1) It is more conducive to chemical modification and can control the catalytic and electrical properties.
2) It is more conducive to electron transfer, which is conducive to the improvement of the performance of electronic devices.
3) High flexibility and transparency, attractive prospects in wearable smart devices, flexible energy storage devices and other fields.
Five families of graphene-like 2D materials
Yury Gogotsi said: "A 50-year-old scientist playing with a new toy in the laboratory is no different from the fun of a 5-year-old child playing with a new toy at home. Two-dimensional materials are my new toy!" Beyond graphene, playful The scientists discovered five graphene-like two-dimensional material families, namely: MXenes, Xenes, Organicmaterials, TMDs (transition metal dichalcogenides) and Nitrides (nitrides). These materials involve a wide range of disciplines, a wide range and a variety of types, and have always shown an innovative trend of multiple blooms, new phenomena, and new applications. Two-dimensional materials are one of the most cutting-edge scientific research application fields, covering printed electronics, flexible electronics, supercapacitors, solar cells, quantum dots, sensors, semiconductor manufacturing, etc. The foundation for disruptive innovation in the field.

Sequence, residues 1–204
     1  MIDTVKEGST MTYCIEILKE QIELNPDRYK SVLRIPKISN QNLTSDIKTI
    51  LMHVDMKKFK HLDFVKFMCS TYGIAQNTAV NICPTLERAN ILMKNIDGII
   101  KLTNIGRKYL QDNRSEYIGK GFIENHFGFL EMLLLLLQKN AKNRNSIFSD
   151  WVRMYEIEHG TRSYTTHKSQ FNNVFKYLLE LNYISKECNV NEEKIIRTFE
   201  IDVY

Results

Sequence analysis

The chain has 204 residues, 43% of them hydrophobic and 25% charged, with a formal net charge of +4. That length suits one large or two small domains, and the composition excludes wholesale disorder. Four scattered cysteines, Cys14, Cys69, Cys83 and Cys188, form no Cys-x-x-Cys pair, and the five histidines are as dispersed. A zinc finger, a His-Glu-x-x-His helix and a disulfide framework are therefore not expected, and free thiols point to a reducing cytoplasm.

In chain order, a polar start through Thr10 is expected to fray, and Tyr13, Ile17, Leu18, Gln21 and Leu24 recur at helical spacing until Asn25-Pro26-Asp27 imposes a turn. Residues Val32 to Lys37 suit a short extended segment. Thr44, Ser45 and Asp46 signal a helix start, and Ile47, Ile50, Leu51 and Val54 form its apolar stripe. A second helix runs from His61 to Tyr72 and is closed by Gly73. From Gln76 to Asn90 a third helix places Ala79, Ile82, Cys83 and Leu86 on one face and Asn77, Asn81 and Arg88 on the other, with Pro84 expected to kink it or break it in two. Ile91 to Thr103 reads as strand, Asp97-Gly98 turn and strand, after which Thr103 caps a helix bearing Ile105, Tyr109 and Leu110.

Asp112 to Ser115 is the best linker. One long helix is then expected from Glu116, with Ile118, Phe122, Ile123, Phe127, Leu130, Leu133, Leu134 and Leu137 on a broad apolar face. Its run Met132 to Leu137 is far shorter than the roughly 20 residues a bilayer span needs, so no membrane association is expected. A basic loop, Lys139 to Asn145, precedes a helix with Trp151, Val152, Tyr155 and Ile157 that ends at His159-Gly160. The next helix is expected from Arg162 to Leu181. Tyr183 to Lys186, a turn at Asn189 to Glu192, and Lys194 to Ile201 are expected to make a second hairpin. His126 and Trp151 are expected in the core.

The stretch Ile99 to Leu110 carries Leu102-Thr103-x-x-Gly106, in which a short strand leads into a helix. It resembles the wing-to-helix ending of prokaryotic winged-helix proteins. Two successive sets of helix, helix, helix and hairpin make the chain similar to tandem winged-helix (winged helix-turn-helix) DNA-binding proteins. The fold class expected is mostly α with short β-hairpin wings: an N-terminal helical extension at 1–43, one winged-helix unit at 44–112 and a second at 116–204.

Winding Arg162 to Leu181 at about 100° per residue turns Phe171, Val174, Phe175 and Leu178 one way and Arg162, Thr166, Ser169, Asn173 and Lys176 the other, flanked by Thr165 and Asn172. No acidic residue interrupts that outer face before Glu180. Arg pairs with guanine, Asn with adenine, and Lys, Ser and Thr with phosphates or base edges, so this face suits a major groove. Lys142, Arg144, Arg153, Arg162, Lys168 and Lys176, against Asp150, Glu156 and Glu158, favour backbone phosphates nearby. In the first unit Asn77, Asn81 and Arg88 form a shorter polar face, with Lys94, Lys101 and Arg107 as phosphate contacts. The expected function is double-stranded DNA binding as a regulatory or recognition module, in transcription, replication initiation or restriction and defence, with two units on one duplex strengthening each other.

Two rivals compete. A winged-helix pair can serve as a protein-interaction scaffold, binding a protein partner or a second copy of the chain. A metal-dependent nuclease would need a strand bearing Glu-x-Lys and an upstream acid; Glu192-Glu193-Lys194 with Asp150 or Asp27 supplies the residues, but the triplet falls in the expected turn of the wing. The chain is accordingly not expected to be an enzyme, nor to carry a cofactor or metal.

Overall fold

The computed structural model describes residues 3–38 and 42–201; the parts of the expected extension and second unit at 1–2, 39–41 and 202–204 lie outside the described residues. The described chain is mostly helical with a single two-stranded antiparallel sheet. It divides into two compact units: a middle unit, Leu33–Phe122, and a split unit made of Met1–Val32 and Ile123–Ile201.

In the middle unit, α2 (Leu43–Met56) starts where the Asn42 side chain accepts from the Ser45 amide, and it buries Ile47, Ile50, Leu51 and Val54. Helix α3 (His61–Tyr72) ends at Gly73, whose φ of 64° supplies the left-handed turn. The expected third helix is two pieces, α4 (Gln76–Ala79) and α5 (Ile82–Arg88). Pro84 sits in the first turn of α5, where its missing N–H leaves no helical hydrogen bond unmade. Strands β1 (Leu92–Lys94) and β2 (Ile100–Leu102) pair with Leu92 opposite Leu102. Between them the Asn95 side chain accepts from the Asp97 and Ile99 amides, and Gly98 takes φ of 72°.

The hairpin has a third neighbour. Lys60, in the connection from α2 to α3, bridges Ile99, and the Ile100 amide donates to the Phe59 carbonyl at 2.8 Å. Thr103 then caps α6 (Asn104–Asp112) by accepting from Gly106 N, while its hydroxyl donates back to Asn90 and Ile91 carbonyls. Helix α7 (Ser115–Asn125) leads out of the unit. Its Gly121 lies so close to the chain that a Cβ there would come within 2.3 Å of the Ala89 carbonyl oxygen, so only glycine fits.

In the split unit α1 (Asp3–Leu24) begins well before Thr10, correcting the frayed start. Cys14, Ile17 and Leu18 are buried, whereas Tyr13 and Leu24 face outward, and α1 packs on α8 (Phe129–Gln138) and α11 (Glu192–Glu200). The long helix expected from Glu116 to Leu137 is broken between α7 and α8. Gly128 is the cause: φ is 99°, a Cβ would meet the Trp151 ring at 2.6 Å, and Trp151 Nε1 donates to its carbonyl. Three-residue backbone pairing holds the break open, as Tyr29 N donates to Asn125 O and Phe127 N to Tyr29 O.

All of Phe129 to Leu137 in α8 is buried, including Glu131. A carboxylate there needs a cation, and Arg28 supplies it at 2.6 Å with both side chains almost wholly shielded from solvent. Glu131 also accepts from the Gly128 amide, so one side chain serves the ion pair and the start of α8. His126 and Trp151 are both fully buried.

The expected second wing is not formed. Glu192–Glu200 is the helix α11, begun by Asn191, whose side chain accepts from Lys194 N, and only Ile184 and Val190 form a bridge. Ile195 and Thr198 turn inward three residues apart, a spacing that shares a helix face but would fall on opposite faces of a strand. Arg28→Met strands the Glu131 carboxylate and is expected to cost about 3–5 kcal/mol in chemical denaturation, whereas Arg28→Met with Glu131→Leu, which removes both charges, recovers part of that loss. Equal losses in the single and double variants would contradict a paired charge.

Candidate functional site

my country's first national standard for graphene and two-dimensional materials was mainly drafted by Taizhou Juna New Energy Co., Ltd., Southeast University and other units. Founded in 2010, Taizhou Juna New Energy Co., Ltd. is one of the earliest companies engaged in graphene research, testing, application and standardization in China. In 2013, the first National Graphene Standardization Forum was organized. Since 2014, he has led the drafting of two of the first four graphene national standard plan projects in my country. In May 2014, it officially undertook the standardization pilot work of strategic emerging industries in Jiangsu Province and passed the acceptance in 2016. In 2014, it was recognized as the National Torch Program Platform by the Ministry of Science and Technology. In 2015, an online store for low-dimensional materials, 91cailiao.cn, was established. Currently, it has provided nearly 10,000 scientific research and industrial customers with high-quality zero-dimensional, one-dimensional, and two-dimensional materials. In December 2016, with the approval of the National Standards Committee and the Chinese Academy of Sciences, it assumed the secretariat of the National Nanotechnology Standardization Technical Committee Low-Dimensional Nanostructure and Properties Working Group (No. SAC/TC279/WG9), responsible for coordinating and organizing the national low-dimensional nanomaterials standardization work. At the end of 2016, he assumed the secretariat of the International Standards Working Committee of China International Graphene Resources Industry Alliance. In October 2018, the first seminar on low-dimensional materials applications and standards (LDMAS2018) was successfully organized.
Figure 2. Five families of 2D materials